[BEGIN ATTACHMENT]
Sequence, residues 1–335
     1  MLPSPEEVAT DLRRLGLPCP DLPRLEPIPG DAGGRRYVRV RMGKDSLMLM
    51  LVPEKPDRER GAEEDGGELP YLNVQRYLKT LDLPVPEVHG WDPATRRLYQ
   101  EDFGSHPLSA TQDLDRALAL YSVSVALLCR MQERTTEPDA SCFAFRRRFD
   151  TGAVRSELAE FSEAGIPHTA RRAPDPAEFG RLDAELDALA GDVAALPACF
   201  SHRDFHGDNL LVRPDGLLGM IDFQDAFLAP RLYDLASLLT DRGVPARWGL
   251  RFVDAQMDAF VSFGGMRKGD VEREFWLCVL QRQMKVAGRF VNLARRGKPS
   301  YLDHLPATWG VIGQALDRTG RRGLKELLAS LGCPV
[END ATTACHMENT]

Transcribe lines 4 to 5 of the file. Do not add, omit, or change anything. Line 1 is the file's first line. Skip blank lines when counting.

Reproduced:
   101  EDFGSHPLSA TQDLDRALAL YSVSVALLCR MQERTTEPDA SCFAFRRRFD
   151  TGAVRSELAE FSEAGIPHTA RRAPDPAEFG RLDAELDALA GDVAALPACF